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Before we can differentiate eczema according to TCM, we must define exactly what we mean by "eczema." "Eczema" and "dermatitis" are two terms that are often used interchangeably, but this is inaccurate and misleading and causes much confusion for patients and practitioners alike.
"Dermatitis" simply means "inflammation of the skin" and refers to many types of inflammatory skin diseases. Skin inflammation that is also "eczematous" will have all of the following components: erythema (redness and inflammation), scale, and vesicles. So "eczema" (or "eczematous inflammation" or "eczematous dermatitis") can refer to any of a group of non-infective inflammatory reactions of the skin that have erythema, and develop scales and vesicles. It is an acute, subacute or chronic (relapsing) inflammatory skin condition that is characterized by itching (pruritis). The lesions range from pink to red, and when scratched will become weepy and crusted. As the condition progresses, dryness of skin becomes more predominant and lichenification (hyperplasia of the skin) can occur due to repeated scratching or rubbing of the sites.
The most common forms of dermatitis (some of which can be eczematous) are: contact dermatitis (includes irritant contact dermatitis, allergic contact dermatitis, allergic contact dermatitis due to plants, and non-allergic contact dermatitis), atopic dermatitis (this is the dermatitis most commonly referred to as "eczema"), dyshidrotic eczematous dermatitis (a type of hand and foot dermatitis, a.k.a. "Pompholyx" or "vesicular palmer eczema"), neurodermatitis (a.k.a. lichen simplex chronicus), seborrheic dermatitis (a.k.a. "cradle cap" in infants), and photodermatitis. Photodermatitis refers to inflammation of the skin that occurs when a topically applied substance is then exposed to sunlight. This includes phytophotodermatitis (a skin reaction from exposure to plants and sunlight) as well as phototoxic and photoallergic dermatitis.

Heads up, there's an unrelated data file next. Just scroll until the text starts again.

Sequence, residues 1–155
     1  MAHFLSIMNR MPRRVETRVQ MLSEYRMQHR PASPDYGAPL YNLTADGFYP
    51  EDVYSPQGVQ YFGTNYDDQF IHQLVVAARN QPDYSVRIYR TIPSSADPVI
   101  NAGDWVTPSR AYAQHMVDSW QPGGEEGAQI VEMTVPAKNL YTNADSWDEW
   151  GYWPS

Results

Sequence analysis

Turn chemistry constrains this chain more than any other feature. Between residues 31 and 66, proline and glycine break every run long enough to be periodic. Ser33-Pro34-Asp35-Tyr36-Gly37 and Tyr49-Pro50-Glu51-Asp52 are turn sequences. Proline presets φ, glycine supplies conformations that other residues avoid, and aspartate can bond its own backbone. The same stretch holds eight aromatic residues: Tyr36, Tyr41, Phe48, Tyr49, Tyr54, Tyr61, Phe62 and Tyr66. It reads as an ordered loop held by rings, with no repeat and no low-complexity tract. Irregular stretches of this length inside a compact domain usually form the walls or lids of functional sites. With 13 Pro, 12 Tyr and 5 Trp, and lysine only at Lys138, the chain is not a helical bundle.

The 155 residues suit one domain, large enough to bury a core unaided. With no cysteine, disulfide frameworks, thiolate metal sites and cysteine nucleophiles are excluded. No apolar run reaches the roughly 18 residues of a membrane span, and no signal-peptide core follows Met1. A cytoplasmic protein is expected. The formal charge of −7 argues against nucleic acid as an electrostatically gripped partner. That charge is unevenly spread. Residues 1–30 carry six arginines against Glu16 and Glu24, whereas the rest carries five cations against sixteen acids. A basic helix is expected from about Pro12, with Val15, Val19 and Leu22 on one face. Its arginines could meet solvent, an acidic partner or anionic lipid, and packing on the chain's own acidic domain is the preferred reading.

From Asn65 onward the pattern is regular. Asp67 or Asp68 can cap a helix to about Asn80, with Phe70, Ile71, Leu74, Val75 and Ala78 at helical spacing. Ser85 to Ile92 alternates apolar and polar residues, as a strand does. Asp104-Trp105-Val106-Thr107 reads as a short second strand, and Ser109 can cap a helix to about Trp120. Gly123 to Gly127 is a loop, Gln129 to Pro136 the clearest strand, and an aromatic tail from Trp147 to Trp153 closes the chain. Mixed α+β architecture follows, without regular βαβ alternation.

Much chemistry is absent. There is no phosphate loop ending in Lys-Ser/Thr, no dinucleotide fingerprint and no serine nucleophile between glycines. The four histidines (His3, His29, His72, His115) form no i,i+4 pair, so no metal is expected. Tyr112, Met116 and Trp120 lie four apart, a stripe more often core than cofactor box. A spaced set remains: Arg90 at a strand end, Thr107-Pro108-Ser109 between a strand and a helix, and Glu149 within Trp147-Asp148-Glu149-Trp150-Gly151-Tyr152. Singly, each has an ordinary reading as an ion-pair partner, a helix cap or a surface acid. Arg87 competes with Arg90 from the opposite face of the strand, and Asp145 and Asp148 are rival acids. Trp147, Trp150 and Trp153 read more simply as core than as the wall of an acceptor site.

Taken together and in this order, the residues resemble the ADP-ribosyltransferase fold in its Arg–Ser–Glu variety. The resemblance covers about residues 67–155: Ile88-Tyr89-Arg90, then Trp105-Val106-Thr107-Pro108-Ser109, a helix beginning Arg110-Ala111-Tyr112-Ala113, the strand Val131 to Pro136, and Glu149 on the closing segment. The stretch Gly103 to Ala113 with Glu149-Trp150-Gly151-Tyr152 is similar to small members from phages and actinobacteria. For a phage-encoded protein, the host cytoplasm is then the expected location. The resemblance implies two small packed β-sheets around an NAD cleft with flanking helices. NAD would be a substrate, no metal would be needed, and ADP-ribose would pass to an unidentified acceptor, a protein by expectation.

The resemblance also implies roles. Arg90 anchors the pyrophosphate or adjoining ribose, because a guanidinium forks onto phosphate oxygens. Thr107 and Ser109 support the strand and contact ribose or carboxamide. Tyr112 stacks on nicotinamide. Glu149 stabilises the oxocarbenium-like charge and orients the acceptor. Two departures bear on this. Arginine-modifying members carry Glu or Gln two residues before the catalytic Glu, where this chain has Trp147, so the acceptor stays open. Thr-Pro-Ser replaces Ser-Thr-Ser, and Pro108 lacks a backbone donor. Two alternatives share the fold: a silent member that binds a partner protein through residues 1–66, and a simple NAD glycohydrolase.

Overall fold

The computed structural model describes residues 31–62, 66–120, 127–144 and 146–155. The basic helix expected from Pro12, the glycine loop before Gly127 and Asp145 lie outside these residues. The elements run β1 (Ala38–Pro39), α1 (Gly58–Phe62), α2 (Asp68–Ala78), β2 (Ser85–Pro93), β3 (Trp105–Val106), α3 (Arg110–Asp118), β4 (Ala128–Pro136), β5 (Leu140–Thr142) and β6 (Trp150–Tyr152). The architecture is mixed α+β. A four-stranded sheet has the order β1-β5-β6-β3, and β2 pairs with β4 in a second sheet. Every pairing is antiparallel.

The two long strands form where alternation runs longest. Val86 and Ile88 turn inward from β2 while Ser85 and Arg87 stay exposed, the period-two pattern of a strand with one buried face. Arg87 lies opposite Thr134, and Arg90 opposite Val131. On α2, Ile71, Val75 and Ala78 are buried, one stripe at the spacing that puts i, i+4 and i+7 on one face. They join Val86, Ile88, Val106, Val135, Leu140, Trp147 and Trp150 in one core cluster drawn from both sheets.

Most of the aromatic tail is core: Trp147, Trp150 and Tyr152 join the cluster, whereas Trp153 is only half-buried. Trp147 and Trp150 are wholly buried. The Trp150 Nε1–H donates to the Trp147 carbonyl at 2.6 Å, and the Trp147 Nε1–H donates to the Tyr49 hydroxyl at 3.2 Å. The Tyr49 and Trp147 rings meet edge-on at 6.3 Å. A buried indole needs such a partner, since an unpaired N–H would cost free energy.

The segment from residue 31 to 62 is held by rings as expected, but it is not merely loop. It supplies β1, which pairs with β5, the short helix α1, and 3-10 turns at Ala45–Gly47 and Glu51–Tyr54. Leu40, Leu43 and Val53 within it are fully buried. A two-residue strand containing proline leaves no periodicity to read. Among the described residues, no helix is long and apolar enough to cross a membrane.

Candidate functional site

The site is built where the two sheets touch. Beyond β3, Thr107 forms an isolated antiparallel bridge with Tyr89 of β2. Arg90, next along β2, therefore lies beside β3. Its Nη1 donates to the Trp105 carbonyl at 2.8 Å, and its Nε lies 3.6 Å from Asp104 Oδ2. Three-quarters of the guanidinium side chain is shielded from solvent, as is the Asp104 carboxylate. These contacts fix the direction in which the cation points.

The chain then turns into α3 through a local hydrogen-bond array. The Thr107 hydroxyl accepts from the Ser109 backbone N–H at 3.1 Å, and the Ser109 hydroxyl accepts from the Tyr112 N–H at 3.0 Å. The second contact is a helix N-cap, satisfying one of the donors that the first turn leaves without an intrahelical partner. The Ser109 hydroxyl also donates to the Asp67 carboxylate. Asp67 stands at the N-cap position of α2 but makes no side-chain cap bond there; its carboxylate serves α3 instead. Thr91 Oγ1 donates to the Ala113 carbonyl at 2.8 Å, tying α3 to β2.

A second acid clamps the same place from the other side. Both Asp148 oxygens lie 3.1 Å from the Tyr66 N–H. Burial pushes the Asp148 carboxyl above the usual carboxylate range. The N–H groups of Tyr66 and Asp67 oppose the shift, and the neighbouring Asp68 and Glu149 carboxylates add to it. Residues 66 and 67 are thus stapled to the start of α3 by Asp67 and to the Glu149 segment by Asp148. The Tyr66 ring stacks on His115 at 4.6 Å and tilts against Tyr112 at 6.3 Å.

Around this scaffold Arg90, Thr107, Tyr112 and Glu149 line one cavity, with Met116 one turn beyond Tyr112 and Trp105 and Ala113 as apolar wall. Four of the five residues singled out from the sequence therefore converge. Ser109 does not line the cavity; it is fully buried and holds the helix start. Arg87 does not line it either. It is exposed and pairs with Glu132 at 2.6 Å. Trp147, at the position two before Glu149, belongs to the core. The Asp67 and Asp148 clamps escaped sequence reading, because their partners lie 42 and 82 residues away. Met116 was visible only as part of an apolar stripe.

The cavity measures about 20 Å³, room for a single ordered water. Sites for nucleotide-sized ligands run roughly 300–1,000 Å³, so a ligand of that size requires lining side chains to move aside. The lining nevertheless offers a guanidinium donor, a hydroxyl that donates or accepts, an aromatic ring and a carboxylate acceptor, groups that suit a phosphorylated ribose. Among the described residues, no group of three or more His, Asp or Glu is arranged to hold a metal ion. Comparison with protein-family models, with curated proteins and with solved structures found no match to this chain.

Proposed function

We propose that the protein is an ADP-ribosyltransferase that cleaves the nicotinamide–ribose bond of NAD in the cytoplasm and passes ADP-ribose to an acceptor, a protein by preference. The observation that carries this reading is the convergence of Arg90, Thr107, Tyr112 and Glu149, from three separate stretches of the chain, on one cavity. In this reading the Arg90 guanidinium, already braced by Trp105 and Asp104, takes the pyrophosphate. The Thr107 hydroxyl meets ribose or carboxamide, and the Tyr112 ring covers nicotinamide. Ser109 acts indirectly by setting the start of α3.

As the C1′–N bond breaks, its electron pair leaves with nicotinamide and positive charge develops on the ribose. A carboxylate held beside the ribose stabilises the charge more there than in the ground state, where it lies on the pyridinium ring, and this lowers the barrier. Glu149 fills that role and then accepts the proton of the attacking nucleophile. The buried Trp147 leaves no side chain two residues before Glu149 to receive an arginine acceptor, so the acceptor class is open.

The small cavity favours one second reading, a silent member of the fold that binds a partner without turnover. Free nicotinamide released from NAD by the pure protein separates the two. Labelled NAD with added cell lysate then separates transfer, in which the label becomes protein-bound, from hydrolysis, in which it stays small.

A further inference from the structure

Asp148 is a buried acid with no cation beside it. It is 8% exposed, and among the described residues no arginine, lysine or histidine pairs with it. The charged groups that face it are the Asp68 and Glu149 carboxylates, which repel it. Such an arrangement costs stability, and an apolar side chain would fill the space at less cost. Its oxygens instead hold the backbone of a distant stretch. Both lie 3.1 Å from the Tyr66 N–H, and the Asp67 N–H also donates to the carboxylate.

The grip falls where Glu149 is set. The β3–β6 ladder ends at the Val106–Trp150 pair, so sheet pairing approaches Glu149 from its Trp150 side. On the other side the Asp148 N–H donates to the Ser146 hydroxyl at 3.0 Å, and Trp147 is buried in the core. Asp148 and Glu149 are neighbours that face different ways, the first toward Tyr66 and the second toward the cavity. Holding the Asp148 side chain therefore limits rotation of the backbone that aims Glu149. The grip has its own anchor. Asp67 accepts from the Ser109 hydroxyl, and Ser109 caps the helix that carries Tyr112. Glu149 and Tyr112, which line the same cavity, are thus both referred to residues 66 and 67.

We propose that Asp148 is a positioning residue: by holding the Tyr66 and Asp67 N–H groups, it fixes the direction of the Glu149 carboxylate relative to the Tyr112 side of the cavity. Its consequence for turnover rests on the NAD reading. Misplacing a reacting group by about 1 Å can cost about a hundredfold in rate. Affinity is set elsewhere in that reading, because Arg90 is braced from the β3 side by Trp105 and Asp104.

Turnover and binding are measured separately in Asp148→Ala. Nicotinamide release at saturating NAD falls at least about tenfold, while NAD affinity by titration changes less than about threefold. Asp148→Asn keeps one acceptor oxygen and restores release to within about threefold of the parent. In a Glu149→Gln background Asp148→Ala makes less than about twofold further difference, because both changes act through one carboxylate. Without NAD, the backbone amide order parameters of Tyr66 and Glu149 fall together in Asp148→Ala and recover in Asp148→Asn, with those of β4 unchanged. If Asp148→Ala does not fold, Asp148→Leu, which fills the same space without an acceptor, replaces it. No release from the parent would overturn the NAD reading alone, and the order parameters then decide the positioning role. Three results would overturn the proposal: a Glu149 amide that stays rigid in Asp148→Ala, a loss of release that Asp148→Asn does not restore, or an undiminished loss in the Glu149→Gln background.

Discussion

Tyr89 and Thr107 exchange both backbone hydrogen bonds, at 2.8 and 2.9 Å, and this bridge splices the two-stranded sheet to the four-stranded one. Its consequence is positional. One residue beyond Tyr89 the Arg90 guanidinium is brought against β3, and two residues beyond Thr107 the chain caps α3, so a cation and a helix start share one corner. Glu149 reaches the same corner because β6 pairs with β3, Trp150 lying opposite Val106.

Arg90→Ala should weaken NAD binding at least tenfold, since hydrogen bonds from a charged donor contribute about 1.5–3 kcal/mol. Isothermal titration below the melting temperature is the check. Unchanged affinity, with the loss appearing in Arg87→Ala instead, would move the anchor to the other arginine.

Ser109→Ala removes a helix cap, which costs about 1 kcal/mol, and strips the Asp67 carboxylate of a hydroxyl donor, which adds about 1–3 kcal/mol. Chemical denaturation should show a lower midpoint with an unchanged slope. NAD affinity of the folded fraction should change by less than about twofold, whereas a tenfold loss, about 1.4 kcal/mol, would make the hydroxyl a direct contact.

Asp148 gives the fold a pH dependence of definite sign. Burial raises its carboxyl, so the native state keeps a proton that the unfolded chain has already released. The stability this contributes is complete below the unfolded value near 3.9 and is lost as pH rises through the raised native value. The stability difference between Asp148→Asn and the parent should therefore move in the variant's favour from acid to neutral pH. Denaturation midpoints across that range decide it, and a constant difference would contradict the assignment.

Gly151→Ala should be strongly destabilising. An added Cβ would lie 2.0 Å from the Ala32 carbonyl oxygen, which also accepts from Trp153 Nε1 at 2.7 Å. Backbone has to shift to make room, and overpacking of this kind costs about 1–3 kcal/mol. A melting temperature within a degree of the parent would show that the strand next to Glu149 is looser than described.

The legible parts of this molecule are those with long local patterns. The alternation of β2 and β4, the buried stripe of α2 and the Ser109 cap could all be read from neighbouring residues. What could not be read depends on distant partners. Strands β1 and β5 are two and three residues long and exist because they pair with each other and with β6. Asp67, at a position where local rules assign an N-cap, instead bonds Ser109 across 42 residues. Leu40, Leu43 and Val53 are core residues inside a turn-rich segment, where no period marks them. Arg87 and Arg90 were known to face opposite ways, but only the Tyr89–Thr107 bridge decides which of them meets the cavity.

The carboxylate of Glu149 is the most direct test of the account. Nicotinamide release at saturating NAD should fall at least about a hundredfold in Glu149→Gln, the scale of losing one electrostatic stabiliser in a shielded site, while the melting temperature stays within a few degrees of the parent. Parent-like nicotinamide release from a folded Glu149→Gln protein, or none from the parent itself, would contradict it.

Of the above-mentioned types of dermatitis, the types that most popularly get referred to as "eczema" are atopic dermatitis and allergic contact dermatitis. Arguably, most dermatologists will reserve use of the term "eczema" to be used interchangeably only with atopic dermatitis. This distinction is made because underlying cause of each of these conditions is completely different and they have different long-term effects. Allergic contact dermatitis is a type IV (cell-mediated, delayed) hypersensitivity reaction and the inflammation in the skin can be completely healed as long as exposure to the offending agent is identified and avoided. Atopic dermatitis/eczema, however, has a much more complicated etiology (multiple underlying causes) and may possibly be associated with type I hypersensitivity (which is an immediate IgE antibody response). Atopic dermatitis (AD)/eczema tends to become a chronic condition and is much more complex to treat. This is the condition referred to as eczema that you will see most commonly in the clinic. The condition usually begins in infancy (though it can manifest anytime) and may continue to recur in adulthood.